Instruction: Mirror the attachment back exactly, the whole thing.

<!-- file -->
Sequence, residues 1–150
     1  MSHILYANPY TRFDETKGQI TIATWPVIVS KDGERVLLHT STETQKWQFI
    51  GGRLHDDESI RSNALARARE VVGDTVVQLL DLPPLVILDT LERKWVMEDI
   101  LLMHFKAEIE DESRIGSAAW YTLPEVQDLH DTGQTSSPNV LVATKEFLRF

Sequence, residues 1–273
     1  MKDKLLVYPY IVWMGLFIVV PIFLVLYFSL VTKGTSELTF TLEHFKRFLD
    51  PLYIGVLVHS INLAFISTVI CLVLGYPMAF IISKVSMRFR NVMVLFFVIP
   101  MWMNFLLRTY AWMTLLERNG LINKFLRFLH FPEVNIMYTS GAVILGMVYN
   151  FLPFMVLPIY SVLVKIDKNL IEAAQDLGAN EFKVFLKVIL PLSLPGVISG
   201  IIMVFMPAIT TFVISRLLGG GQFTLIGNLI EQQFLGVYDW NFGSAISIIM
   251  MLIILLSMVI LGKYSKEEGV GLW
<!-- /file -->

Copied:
Sequence, residues 1–150
     1  MSHILYANPY TRFDETKGQI TIATWPVIVS KDGERVLLHT STETQKWQFI
    51  GGRLHDDESI RSNALARARE VVGDTVVQLL DLPPLVILDT LERKWVMEDI
   101  LLMHFKAEIE DESRIGSAAW YTLPEVQDLH DTGQTSSPNV LVATKEFLRF

Sequence, residues 1–273
     1  MKDKLLVYPY IVWMGLFIVV PIFLVLYFSL VTKGTSELTF TLEHFKRFLD
    51  PLYIGVLVHS INLAFISTVI CLVLGYPMAF IISKVSMRFR NVMVLFFVIP
   101  MWMNFLLRTY AWMTLLERNG LINKFLRFLH FPEVNIMYTS GAVILGMVYN
   151  FLPFMVLPIY SVLVKIDKNL IEAAQDLGAN EFKVFLKVIL PLSLPGVISG
   201  IIMVFMPAIT TFVISRLLGG GQFTLIGNLI EQQFLGVYDW NFGSAISIIM
   251  MLIILLSMVI LGKYSKEEGV GLW